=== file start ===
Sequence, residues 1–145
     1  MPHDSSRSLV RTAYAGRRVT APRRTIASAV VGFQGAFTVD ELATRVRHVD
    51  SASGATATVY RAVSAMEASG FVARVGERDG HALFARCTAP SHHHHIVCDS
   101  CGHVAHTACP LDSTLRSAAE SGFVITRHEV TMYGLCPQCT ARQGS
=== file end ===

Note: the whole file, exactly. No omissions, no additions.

Sequence, residues 1–145
     1  MPHDSSRSLV RTAYAGRRVT APRRTIASAV VGFQGAFTVD ELATRVRHVD
    51  SASGATATVY RAVSAMEASG FVARVGERDG HALFARCTAP SHHHHIVCDS
   101  CGHVAHTACP LDSTLRSAAE SGFVITRHEV TMYGLCPQCT ARQGS